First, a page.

Sheffield has been dubbed `Steel City' but it was and still is much more than that, and it is for much more than manufacturing metal ingots that Sheffield earned its national and international reputation. For centuries it produced cutlery, files, a vast range of agricultural implements, Old Sheffield Plate, silverware, crinoline wires, umbrella frames, the railway lines that transformed Britain's transport system, and shells and armour plate for the armed forces. And then there are the mushy peas, Liquorice Allsorts, Henderson's Relish and Izal disinfectant!
Today Sheffield is a prime example of a post-industrial city and has the reputation of being the country's greenest city. Its two universities attract more than 60,000 students every year. The Lower Don Valley, described in the 1970s as an industrial wasteland, is now crowded with edge-of-town shopping, entertainment and sporting destinations. But manufacturing still continues, with firms manufacturing forged and cast steel for the engineering, nuclear and petrochemical industries worldwide and special steels for the aerospace, oil and automotive industries. At the other end of the scale individual craftsmen still produce bespoke knives in small workshops.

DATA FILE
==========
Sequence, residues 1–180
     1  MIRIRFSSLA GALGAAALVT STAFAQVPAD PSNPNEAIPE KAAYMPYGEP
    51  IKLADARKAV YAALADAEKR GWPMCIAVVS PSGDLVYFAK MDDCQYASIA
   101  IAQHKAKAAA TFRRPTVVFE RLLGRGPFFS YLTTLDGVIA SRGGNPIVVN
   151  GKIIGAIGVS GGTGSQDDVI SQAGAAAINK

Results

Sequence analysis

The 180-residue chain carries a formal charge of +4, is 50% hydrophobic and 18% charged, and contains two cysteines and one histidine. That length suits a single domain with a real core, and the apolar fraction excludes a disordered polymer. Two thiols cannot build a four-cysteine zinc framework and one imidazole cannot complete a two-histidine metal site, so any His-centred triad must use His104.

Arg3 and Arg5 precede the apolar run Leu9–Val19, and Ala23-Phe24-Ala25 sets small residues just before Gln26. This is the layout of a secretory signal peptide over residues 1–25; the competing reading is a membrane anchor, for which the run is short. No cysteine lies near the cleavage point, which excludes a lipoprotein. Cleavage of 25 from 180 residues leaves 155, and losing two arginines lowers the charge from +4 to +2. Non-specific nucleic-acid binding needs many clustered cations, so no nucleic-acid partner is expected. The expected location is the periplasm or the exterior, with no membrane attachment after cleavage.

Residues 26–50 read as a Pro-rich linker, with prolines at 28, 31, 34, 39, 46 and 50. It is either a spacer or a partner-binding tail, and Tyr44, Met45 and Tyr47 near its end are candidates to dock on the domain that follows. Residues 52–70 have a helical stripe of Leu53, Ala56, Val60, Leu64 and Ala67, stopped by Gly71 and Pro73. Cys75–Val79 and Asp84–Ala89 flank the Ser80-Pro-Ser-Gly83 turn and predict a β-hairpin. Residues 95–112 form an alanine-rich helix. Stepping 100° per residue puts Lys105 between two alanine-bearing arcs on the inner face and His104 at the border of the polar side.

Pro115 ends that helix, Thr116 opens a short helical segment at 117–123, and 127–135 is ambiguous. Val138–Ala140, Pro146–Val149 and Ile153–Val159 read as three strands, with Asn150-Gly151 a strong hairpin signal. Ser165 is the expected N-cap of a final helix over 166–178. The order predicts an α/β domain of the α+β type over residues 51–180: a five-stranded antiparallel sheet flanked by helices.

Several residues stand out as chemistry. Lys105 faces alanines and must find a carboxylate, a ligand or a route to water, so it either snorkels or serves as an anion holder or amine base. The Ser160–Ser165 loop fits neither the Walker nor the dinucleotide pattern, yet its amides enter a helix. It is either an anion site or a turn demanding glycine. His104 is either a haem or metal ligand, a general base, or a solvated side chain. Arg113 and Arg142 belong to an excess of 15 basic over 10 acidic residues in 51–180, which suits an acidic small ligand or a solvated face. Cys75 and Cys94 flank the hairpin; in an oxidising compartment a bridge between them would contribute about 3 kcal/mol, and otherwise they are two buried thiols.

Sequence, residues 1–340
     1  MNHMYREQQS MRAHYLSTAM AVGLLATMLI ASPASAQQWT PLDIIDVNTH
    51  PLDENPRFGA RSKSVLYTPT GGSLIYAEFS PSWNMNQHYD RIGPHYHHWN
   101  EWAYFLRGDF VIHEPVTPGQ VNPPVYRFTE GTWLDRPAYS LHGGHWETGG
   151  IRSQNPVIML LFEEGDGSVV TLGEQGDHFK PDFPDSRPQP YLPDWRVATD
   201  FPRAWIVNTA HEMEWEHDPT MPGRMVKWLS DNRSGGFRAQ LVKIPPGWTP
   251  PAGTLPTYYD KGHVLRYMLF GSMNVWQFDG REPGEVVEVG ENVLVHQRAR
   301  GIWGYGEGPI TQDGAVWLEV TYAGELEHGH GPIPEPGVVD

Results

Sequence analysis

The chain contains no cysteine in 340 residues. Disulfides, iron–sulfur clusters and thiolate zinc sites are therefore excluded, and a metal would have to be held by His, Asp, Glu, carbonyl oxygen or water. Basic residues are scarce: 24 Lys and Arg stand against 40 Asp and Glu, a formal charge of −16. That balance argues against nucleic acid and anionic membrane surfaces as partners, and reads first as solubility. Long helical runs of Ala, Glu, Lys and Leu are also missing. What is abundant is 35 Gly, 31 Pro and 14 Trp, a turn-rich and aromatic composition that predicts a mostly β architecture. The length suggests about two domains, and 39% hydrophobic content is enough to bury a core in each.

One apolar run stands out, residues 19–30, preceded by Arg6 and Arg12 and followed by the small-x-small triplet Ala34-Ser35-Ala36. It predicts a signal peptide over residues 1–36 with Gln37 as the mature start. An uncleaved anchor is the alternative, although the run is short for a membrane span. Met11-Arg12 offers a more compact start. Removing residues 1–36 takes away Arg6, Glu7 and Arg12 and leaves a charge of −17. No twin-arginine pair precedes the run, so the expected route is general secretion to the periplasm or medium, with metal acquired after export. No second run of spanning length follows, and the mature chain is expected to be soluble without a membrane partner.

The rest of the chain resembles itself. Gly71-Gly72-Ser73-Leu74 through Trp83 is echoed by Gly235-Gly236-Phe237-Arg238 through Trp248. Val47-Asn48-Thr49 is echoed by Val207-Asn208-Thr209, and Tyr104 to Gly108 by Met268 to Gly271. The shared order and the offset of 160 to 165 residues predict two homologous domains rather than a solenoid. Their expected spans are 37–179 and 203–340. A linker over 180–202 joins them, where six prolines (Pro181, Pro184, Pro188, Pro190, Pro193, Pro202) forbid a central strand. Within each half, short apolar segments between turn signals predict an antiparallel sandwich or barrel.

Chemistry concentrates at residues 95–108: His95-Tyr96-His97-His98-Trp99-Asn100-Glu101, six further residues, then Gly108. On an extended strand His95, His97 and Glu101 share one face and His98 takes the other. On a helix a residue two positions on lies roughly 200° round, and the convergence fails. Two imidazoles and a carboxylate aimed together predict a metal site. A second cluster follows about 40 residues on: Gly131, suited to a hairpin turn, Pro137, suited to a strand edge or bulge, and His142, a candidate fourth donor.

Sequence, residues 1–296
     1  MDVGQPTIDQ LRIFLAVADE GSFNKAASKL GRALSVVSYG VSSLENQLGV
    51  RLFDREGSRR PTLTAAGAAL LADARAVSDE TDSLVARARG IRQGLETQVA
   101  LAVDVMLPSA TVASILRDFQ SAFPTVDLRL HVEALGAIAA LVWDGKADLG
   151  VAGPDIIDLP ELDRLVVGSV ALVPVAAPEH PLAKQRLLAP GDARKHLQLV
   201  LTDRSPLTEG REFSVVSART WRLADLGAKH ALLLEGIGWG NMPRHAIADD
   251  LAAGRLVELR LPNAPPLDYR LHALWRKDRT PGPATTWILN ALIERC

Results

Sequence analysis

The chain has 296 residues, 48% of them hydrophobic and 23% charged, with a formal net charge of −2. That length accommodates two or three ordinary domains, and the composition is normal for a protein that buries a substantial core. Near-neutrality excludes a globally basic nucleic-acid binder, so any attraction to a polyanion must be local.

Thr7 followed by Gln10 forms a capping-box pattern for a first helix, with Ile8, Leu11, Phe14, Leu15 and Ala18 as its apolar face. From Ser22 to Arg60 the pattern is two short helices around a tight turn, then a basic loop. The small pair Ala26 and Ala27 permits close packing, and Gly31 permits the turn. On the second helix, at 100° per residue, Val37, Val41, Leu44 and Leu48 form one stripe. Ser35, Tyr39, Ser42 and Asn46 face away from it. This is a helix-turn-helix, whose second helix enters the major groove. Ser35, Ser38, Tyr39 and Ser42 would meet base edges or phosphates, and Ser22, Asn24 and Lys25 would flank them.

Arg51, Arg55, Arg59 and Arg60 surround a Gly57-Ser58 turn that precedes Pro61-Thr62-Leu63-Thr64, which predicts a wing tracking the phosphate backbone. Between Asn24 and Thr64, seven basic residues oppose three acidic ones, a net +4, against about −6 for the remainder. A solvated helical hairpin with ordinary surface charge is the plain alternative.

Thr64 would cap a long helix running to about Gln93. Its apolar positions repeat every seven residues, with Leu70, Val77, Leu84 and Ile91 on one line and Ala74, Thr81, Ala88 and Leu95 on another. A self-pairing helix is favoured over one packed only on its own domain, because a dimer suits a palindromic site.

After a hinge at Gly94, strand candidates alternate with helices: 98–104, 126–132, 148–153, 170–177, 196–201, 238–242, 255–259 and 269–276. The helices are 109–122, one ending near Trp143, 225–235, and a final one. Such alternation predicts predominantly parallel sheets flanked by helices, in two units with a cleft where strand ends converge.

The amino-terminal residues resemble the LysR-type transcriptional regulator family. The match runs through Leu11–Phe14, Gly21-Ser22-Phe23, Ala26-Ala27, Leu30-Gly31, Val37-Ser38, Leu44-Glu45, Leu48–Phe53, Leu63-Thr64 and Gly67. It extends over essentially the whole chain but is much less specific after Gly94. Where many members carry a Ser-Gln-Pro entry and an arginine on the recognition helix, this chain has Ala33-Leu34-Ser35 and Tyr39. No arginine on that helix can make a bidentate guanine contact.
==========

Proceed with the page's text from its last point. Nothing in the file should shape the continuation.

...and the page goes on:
Join authors Melvyn and Joan Jones as they uncover the working life of Sheffield past and present through informative text and a wide range of related images.
Melvyn and Joan Jones have written extensively about the local history of South Yorkshire and are the authors of more than 25 books on the local history of the area which are the subjects of their books.